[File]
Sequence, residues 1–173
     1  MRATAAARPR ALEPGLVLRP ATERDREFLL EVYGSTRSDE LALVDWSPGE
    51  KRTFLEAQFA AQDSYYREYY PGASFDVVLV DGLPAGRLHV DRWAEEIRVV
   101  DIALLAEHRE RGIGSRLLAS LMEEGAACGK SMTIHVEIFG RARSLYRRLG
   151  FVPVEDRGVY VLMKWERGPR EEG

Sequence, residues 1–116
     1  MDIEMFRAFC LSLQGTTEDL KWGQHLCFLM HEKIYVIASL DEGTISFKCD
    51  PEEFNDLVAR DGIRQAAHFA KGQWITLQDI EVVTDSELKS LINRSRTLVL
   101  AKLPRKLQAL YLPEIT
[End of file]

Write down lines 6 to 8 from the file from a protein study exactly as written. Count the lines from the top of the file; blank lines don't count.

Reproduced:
Sequence, residues 1–116
     1  MDIEMFRAFC LSLQGTTEDL KWGQHLCFLM HEKIYVIASL DEGTISFKCD
    51  PEEFNDLVAR DGIRQAAHFA KGQWITLQDI EVVTDSELKS LINRSRTLVL